High tides in Twickenham
High tides in Twickenham
Water. Bloody brilliant, isn’t it? You can drink it, give it to plants, take a shower in it and even heat it up to help make a Pot Noodle. Apparently, some people use it in toilets in their homes rather than use their neighbour’s garden. Fascinating. H2O, it really is a versatile element. It’s the perfect combination of oxygen and, err, helium. And with all that helium it’s no wonder that if you drink too much of it – in the form of beer – then you end up talking in a silly squeaky voice. Older readers may recall hydrogen being used as the preferred ingredient for water but, after the Hindenburg disaster in 1937, this was deemed too dangerous for public consumption. Despite its uses, water’s not so good when there’s absolutely loads of it – and mucky stuff at that – and it gets into your carpet or your parked car. We’ve seen it happen and when it does it’s called flooding and flooding can be right royal pain.

Flooding has many causes. It’s often caused by too much rain or by high tides or by leaving the bath running. Often it’s a combination of all three. And of course if you live in Henley it can be caused by David Silvester the local UKIP councillor writing to complain to David Cameron who’s just got a gay marriage… to a man. His letter was, of course, just vanity publishing because Cameron and his Oxfordshire chums live upstream from Henley which meant that the flooding that Cameron caused was targeted specifically at David Silvester himself in Henley. That bloke off of UKIP clearly needs to buy some wellies and be more careful about what he wishes for, or at least go and stay with people he doesn’t like when he pens his letters.

But Twickenham lies downstream from Henley which means Cameron’s marriage has also put us at risk too. Combine that with the Thames here being tidal and it’s double trouble. And that is why Richmond Council are consulting on a ‘local flood risk management strategy’. As El Brute say on their website: “We have a duty to coordinate flood risk management within the borough to ensure that local flood risks are identified and managed. We are required by law to develop a Local Flood Risk Management Strategy, which will explain how we will be achieving this”. That’s good. Or is it?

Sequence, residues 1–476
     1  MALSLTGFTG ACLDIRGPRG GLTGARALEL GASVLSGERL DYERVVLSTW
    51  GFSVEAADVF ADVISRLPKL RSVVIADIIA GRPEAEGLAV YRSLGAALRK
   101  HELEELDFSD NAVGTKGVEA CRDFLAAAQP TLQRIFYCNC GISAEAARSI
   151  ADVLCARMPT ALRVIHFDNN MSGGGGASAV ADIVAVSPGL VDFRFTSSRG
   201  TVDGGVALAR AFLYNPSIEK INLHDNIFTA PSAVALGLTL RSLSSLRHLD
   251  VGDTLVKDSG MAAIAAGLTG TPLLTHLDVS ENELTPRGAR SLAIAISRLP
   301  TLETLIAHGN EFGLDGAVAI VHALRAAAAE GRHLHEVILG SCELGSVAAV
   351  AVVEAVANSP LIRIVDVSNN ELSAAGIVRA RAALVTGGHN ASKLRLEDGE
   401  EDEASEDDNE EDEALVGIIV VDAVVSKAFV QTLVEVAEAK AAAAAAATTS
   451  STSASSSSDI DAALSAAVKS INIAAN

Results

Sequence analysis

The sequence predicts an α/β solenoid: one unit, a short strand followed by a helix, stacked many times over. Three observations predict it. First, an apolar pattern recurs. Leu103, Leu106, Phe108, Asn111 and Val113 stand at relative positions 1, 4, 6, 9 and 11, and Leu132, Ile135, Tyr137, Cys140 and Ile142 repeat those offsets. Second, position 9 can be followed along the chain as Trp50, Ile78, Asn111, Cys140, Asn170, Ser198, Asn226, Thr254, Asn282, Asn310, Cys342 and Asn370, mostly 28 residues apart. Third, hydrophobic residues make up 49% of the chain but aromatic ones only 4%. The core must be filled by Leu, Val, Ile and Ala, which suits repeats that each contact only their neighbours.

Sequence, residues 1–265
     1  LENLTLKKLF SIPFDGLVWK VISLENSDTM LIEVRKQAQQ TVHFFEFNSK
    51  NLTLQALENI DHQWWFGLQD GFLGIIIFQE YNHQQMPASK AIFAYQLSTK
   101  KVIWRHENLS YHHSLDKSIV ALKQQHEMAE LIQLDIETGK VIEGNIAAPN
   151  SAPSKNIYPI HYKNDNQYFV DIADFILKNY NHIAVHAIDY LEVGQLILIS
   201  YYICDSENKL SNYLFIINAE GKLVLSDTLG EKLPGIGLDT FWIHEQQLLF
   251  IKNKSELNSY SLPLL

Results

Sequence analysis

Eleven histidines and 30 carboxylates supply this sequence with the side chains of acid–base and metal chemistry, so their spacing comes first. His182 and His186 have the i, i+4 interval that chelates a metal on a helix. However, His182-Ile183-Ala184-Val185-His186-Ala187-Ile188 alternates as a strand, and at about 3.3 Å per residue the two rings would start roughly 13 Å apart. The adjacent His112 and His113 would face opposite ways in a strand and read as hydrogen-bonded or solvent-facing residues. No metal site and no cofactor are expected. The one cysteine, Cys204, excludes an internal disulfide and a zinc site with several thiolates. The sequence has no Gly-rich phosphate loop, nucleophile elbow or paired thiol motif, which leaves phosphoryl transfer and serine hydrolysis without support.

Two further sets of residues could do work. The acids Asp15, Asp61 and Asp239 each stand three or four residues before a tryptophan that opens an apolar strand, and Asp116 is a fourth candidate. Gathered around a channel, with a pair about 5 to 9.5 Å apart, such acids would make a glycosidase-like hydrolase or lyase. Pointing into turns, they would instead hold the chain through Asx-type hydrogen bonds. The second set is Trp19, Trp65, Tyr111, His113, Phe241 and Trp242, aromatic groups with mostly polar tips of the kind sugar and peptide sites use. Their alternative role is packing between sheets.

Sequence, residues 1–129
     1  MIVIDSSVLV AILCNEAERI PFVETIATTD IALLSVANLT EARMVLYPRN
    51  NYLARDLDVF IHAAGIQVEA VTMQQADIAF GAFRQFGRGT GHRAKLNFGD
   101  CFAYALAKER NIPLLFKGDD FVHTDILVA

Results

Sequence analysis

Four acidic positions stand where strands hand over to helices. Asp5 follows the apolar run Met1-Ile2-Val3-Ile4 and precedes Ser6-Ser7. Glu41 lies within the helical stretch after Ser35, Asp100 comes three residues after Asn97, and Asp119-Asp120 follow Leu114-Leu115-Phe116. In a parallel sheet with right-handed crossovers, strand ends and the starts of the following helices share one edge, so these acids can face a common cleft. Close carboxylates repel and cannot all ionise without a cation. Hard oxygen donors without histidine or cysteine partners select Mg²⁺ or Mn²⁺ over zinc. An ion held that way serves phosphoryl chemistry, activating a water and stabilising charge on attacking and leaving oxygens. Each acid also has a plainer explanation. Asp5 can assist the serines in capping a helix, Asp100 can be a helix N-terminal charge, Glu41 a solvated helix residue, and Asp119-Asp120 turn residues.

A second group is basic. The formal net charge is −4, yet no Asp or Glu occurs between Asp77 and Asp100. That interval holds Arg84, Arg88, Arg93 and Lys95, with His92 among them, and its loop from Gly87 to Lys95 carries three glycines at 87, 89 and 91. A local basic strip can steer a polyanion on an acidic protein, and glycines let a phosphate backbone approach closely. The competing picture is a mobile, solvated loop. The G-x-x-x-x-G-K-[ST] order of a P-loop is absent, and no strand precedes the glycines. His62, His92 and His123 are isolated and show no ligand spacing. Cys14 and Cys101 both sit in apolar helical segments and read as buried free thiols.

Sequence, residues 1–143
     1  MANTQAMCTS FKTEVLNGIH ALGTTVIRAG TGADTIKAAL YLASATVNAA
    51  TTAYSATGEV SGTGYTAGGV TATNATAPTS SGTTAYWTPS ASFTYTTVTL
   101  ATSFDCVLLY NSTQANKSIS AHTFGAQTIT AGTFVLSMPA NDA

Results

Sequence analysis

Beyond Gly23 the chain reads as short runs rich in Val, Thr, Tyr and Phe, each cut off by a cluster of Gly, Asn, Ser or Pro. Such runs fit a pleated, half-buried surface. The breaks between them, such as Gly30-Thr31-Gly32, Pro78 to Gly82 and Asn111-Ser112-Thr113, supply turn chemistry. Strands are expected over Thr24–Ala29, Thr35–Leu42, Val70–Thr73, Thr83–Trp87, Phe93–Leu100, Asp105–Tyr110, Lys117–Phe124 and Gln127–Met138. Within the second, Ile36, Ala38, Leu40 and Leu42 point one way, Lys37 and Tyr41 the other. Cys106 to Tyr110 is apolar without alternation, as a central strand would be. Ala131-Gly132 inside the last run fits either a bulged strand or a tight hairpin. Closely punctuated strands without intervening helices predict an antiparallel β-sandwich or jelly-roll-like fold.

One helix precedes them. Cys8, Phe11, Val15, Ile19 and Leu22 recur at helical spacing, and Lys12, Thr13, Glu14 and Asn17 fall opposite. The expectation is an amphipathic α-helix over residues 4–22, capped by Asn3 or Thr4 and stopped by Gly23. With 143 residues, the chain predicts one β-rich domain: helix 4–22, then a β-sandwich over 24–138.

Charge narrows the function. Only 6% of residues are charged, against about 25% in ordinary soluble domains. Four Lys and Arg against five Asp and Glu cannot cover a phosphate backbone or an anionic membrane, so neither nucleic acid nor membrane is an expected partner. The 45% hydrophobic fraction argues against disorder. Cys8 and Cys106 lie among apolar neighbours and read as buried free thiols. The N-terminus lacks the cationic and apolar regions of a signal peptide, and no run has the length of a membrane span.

Richmond Council often brags about being the only London borough that straddles the Thames but this has now come back to bite them, big time. For any other Borough along the river, the flood management solution is simple: build a wall on your side of the river a tiny bit higher than the wall on the opposite bank and hey presto, problem solved. If you’re Hammersmith & Fulham you build your wall up and it’s a case of bye bye Wandsworth, and so on. But Richmond Council can’t do this. They would need to build walls on both sides of the river. It wouldn’t take long before the Council was at war with itself which is not allowed because it’s against United Nations regulations. It would also be a waste of taxpayers’ money.

To solutionise other options, Richmond Council are asking for your views on flood risks in the borough, whether you’ve suffered from flooding and whether you’re prepared for the next one. Are you? It probably won’t ask if you hang around at the end of Water Lane or Church Lane waiting for cars to fill up with water so that you can take photos and post them on Twitter because that’s already being well managed by local residents. There’s even a survey too. The deadline is 28th February. That is all.

* El Brute Flood Strategy Consultation

Flooding by St Mary's Church
Flooding by St Mary’s Church